Erb palsy presents in a in a newborn with decreased movement of the involved arm, usually in the "waiter tip" position.
Typically recovers over the course of the first 6 to 12 months of life.
Physical or occupational therapy is used in children with brachial plexus birth palsies to maintain motion and prevent contracture as the nerves reinnervate muscles affected by the initial injury.
Nerve reconstruction or muscle transfer surgery may be needed to improve function in children with incomplete recovery.
A type of brachial plexus birth palsy (a paralysis of the upper extremity due to an injury to the nerves that control movement and sensation to the upper extremity occurring at the time of birth). Often encountered as a consequence of a delivery complicated by shoulder dystocia, Erb palsy typically involves the C5 and C6 nerve roots.
History and exam
Key diagnostic factors
- paralysis of an arm
- observed decreased motion of an arm
- abnormal posture of the arm
Other diagnostic factors
- crepitance of clavicle or humerus
- Horner syndrome
- tachypnea, respiratory distress, feeding difficulties, failure to thrive
- lack of full range of passive movement
- hyperreflexia, persistent primitive reflexes, abnormal muscle tone, or abnormal body posture
- large fetal size (>4000 g)
- shoulder dystocia
- maternal diabetes (especially type 1) or gestational diabetes mellitus
- maternal obesity
- breech presentation
- abnormal second phase of labor
- assisted delivery
1st investigations to order
- x-ray of chest and affected upper extremity (upper extremity "babygram")
Investigations to consider
- ultrasound scan of the shoulder
- MRI of the shoulder
- CT scan of the shoulder
- EMG/nerve conduction studies
- three-dimensional proton-density MRI to assess the brachial plexus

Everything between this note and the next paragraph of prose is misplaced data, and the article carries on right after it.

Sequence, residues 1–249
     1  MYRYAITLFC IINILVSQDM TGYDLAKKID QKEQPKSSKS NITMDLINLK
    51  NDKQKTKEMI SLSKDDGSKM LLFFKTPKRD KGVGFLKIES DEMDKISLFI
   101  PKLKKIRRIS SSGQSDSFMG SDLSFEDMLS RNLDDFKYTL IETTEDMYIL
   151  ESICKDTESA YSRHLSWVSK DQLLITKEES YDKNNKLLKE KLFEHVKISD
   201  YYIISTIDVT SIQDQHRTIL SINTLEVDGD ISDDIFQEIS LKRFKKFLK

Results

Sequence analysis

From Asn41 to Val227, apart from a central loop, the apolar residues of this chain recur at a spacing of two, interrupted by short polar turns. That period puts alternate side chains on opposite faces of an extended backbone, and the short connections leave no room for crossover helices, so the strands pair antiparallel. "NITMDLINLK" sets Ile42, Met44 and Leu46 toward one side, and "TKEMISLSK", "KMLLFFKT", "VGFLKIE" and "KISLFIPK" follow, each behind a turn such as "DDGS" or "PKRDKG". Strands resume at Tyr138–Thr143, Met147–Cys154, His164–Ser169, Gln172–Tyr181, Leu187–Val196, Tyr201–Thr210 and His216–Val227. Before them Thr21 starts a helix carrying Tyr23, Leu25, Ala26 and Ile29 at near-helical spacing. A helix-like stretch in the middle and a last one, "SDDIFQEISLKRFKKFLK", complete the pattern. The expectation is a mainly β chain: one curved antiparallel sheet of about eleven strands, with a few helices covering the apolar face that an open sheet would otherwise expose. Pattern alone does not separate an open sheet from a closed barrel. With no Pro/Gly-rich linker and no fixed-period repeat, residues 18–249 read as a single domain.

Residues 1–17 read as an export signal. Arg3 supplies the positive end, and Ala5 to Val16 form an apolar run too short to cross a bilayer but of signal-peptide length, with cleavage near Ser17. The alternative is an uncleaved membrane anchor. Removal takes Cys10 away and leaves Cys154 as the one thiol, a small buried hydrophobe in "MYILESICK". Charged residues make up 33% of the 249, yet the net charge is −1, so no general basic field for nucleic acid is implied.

- volumetric MRI and EMG assessment of rotator cuff muscles
- ultrasound evaluation of the brachial plexus
newborns and infants
following initial treatment
Mark J. Adamczyk, MD
Brachial Plexus Treatment Center
Assistant Director of Pediatric Orthopedic Research
Akron Children's Hospital
MJA declares that he is on the speakers' bureau for Orthopediatrics implant company and has received compensation to the Department of Orthopaedic Surgery at Akron Children's Hospital for his involvement. He declares that there is no relation of this agreement to the topic of his BMJ article.
Dimitrios I. Zafeiriou, MD, PHD
Assistant Professor in Child Neurology and Developmental Pediatrics
1st Department of Pediatrics
Aristotle University of Thessaloniki
DIZ is an author of a reference cited in this monograph.
Marybeth Ezaki, MD
Professor of Orthopedic Surgery
UT Southwestern Medical School
Director of Hand Surgery
Texas Scottish Rite Hospital for Children
ME is an author of a number of references cited in this monograph.
Scott H. Kozin, MD
Hand and Upper Extremity Surgeon
Shriners Hospitals for Children
SHK is an author of a reference cited in this monograph.
- Clavicle or humeral fracture
- Septic arthritis of the shoulder or proximal humeral osteomyelitis
- Spinal cord or brachial plexus tumor
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